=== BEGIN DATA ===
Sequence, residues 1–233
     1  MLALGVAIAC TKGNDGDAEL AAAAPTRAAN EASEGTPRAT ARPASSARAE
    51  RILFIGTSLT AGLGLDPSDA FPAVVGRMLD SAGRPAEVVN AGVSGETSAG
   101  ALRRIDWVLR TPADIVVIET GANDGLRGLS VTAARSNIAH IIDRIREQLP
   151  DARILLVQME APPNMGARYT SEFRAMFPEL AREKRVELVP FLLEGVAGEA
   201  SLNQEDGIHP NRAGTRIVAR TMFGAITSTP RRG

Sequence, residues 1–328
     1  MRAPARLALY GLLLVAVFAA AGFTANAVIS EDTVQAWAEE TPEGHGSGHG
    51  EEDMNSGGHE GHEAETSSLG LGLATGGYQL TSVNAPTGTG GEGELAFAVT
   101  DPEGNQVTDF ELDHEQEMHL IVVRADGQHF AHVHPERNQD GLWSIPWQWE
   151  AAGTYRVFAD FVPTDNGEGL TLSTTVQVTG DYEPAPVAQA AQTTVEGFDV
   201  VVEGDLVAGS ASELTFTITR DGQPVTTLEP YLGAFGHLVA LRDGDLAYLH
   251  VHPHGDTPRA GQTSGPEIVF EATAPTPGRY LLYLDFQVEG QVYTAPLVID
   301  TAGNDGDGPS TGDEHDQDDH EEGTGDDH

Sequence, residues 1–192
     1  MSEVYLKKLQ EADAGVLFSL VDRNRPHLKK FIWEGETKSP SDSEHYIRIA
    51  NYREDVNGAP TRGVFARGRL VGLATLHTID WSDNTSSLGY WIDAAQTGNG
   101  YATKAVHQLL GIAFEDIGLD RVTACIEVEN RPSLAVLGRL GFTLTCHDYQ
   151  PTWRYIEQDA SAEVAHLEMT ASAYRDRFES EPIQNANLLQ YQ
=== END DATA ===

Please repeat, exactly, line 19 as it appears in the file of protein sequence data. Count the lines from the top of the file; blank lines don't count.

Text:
   151  PTWRYIEQDA SAEVAHLEMT ASAYRDRFES EPIQNANLLQ YQ